There are 7 posts.
The short answer is no one. While some languages, such as Spanish, French, and German, are ruled by committee there is no academy or governing body that decides on how English should evolve. Indeed English has never been under the administrative rule of a language academy. A keeper of English, according to the eighteenth-century English […]more
Virginia Woolf was a prolific writer whose successes include works of fiction, biography, and essay. Her contributions to the English language are certainly not to be overlooked; indeed, she is among the top 1000 most cited sources in the Oxford English Dictionary, and had a predilection for coining terms—mostly phrasal adjectives—herself. Descriptions of “heavy-lidded” eyes, […]more
Few authors cited in the Oxford English Dictionary are responsible for as many unusual words as the seventeenth century physician, Sir Thomas Browne (1605-1682). Browne’s erudite enquiries into science and religion are notable for their wit, their fascination with the natural world, and their attraction to the esoteric, and all of these characteristics are evident […]more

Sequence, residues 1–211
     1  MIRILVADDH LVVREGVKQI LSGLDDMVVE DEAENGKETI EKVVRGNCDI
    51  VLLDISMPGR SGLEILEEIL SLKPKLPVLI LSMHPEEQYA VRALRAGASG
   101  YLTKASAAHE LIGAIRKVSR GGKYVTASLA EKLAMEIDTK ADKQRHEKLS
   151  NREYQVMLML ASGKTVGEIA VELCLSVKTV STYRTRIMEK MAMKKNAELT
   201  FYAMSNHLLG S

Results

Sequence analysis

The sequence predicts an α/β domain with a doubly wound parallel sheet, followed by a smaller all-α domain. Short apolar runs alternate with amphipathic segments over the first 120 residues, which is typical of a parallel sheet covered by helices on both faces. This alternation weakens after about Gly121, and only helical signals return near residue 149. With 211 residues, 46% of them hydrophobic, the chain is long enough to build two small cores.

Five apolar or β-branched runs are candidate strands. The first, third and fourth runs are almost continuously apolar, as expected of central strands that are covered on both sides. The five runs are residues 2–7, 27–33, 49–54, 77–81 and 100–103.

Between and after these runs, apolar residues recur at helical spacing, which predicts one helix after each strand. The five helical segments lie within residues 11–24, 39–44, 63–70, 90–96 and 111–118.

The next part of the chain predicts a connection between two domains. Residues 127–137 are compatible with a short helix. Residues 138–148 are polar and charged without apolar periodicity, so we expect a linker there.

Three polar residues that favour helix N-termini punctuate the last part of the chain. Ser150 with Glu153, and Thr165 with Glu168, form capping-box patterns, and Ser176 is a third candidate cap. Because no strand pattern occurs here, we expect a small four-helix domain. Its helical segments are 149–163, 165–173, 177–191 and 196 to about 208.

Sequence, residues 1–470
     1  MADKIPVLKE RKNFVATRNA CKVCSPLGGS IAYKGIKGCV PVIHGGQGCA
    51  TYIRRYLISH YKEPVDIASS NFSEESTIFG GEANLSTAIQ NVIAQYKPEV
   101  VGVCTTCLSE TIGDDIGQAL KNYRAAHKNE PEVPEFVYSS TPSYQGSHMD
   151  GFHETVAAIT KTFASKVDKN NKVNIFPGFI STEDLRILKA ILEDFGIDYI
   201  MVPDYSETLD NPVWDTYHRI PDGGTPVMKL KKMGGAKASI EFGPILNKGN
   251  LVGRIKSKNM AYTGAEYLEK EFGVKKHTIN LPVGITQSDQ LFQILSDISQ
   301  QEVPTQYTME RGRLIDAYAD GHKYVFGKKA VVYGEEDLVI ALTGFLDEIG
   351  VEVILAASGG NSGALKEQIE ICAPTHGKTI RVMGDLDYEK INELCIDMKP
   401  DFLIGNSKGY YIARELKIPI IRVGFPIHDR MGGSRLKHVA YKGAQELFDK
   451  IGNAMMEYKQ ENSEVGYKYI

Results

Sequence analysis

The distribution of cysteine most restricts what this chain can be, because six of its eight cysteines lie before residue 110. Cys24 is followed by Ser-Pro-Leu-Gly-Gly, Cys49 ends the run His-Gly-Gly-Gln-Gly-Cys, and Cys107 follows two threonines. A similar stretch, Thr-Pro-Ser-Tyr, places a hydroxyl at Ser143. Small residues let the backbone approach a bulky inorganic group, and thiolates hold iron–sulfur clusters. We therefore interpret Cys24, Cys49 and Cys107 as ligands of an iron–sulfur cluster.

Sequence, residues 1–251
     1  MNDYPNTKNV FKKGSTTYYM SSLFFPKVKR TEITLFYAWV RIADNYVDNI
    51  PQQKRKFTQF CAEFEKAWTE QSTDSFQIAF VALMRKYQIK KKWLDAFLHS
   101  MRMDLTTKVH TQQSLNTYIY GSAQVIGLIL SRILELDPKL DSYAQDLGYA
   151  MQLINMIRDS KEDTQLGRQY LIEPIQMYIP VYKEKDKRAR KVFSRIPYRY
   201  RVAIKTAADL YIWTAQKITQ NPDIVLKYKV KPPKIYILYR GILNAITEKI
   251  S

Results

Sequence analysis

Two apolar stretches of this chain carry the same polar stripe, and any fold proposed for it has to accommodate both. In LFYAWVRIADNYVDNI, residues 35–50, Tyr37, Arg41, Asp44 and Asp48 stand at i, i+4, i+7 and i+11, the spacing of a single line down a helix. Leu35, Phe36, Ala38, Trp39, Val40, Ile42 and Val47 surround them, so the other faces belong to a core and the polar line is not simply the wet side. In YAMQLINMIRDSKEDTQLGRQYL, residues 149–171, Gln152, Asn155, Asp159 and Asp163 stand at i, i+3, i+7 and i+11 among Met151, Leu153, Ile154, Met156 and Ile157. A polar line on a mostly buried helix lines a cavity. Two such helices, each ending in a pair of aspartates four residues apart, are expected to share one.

So far as I know the whole of English fiction has only one character who works for the Oxford English Dictionary. In Aldous Huxley’s Eyeless in Gaza we see John Beavis at breakfast, with an unappreciated twinkle in his eye, explaining to two little children the etymology of porridge. He’s cited in the OED at […]more
If you’re not familiar with the Discworld, the fantasy world created by author Sir Terry Pratchett which has featured in 39 bestselling novels, then you’ve certainly been missing out. For the uninitiated, Discworld is a flat world balanced on the backs of four giant elephants standing on the shell of the star turtle Great A’Tuin […]more
In 1962, along came a shocking novel called A Clockwork Orange by Anthony Burgess, famously turned into a disturbing 1971 film directed by Stanley Kubrick. His dystopian novel, set sometime in the near-future, tells the story of teenage anti-hero Alex and his gang of friends, and their violent escapades. Tea-drinking and toast-munching Or put another way, […]more
For many of us, most of our knowledge of Shakespeare comes from what we were taught at school. But how much can you remember, other than the odd quotation (‘is this a dagger I see before me’ sticks in my mind)? Even if you didn’t do much Shakespeare at school, or it was too long […]more